The private ceremony featured musical tributes and speeches from Stevie Wonder, Smokey Robinson and David Foster.
Family members and friends gave tributes, and the Rev. Melvin V. Wade Sr. preached "The Message of Victory." Music included "Thank You Lord" and the recessional was Cole's song, "Our Love."
Chaka Khan, Angela Bassett, and the Rev. Jesse Jackson were in attendance, among others. It was held at West Angeles Church of God in Christ.
Cole will be buried with her other family members, including her father, Nat King Cole, her publicist Maureen O'Connor said.
Cole died on New Year's Eve at age 65.
A musical family
Born in 1950, Cole grew up among musical royalty. Her father was one of the most accomplished singers and jazz musicians of the postwar era, and her mother, Maria Hawkins Cole, was a singer for Duke Ellington. Their house, in Los Angeles' upscale Hancock Park neighborhood, was a regular spot for her parents' colleagues.
"I remember meeting Peggy Lee, Danny Thomas, Lena Horne, Dorothy Dandridge, Ella Fitzgerald, Louis Armstrong and so many others at parties," she told The Wall Street Journal in 2014
At age 6, Cole sang with her father on a Christmas album, and she was performing by the time she was 11. Nat King Cole died in 1965, when she was 15, a loss that "crushed" her, she said.
"Dad had been everything to me," she told the WSJ.
After college in Massachusetts, Cole embarked on her own career. In 1975, she had a massive hit with "This Will Be" from her album "Inseparable," which showed off her tremendous pipes -- she earned comparisons to Aretha Franklin -- and command of a range of styles. The work won her a Grammy for best new artist.
She followed that with other hits, including "I've Got Love on My Mind," "Our Love" and "Someone That I Used to Love."
But failing sales and personal problems sidetracked Cole's career. She had done heroin in the early '70s, she told the Houston Chronicle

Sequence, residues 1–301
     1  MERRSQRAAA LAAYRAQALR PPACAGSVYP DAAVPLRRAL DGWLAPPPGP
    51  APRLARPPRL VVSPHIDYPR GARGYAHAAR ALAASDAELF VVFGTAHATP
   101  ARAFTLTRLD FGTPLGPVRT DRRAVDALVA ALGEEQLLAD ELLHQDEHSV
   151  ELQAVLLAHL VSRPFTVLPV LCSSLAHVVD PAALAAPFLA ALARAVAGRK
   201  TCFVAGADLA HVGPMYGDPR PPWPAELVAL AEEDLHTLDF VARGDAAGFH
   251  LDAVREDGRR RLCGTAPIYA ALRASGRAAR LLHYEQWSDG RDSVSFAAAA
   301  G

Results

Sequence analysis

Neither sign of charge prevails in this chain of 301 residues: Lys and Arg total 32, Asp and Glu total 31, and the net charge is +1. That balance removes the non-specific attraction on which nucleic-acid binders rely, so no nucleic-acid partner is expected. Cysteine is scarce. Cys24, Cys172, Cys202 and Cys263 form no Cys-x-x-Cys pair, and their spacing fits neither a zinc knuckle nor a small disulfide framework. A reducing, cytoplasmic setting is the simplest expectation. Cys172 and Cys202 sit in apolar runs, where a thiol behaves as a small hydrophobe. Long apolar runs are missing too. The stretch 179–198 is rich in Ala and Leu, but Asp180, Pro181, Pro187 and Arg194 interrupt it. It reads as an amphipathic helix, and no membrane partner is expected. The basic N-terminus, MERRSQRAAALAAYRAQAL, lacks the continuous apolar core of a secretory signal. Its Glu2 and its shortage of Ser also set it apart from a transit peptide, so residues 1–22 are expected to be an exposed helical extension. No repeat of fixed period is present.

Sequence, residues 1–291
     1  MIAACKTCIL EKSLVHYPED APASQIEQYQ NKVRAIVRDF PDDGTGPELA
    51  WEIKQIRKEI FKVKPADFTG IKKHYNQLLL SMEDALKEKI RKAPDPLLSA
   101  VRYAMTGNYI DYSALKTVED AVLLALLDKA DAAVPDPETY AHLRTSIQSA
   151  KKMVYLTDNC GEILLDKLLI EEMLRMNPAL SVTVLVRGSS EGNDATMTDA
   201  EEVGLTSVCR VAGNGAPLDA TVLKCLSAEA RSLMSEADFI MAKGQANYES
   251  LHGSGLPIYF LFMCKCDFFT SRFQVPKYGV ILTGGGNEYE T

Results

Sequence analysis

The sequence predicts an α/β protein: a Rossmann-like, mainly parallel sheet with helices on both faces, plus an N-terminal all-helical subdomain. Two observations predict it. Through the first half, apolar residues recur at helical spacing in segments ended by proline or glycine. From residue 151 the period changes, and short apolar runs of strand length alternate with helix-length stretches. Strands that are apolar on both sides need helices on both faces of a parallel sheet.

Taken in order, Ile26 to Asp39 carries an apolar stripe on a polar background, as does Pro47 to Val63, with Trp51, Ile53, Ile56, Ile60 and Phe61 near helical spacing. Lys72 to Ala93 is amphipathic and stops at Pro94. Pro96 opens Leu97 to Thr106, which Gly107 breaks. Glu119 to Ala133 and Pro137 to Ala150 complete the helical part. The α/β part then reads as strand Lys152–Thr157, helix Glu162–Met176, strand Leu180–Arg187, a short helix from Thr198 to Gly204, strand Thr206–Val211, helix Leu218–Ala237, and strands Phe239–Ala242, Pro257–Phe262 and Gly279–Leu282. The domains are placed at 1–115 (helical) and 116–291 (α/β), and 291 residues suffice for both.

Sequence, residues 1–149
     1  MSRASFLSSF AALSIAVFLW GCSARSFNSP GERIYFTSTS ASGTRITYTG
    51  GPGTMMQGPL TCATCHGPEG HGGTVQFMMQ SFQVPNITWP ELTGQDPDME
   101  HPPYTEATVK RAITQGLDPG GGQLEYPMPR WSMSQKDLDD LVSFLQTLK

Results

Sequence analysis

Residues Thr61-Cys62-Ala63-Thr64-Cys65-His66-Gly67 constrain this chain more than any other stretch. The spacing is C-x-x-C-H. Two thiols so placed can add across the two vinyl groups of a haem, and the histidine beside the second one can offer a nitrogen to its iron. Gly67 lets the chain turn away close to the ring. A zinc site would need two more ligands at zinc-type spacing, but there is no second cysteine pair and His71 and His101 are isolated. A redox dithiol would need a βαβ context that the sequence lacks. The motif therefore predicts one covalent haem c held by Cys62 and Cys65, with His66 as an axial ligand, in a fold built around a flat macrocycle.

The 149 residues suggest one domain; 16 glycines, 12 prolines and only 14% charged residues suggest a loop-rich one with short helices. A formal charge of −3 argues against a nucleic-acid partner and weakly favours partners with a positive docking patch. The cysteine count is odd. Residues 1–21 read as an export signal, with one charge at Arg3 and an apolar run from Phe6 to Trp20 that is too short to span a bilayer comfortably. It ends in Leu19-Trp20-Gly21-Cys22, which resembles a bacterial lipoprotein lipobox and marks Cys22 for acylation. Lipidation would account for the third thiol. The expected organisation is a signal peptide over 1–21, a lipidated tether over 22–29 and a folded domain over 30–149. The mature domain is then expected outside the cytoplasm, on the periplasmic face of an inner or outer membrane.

, and then got hooked on cocaine. Her mother even filed for conservatorship in 1982.
A rehab stint in 1983 turned her life around, she said.
"Somehow, at some point halfway through those 30 days, I went from not wanting to be there to being afraid to leave. I was starting to get it," she said.
Cole began a comeback in the late '80s that was capped by 1991's "Unforgettable ... With Love," an album that -- thanks to the wonder of technology -- included a duet with her father on one of his biggest hits, "Unforgettable." (On another song, "Route 66," she was accompanied on piano by another member of her family, her uncle Ike Cole.)
For years, she had declined to perform her father's works in concert; now, an album of those recordings won six Grammys, including the big three: song of the year, record of the year and album of the year.
She won another Grammy for 2008's "Still Unforgettable," which included a variety of American standards.
Longtime Grammy producer Ken Ehrlich remembered Cole as having "one of those magical voices that grabbed you from the first note."
"In a way, and not just in lineage, Natalie was the connector between the great singers of her father and Ella's generation, and the great female voices who were to dominate in the last 25 years," he said in a statement. "I'll never forget when we did 'Unforgettable' as a duet with her father's recording on a Grammy hall of fame show, years before she recorded it. Magical!"
In 2008, Cole started suffering from kidney problems due to hepatitis C, which she attributed to her past drug issues. Despite chemotherapy, both kidneys failed, and in 2009, she went public with a request for a kidney donation.
Even then, despite her struggles, she was a determined performer.
"I have been on dialysis in Istanbul, Milan, Indonesia, Manila, London. It's -- it's amazing," Cole told CNN in 2009
She received a directed donation of a kidney from a deceased donor in May 2009.
Cole maintained her recording and performing career, most recently recording an album in Spanish, "Natalie Cole in Español."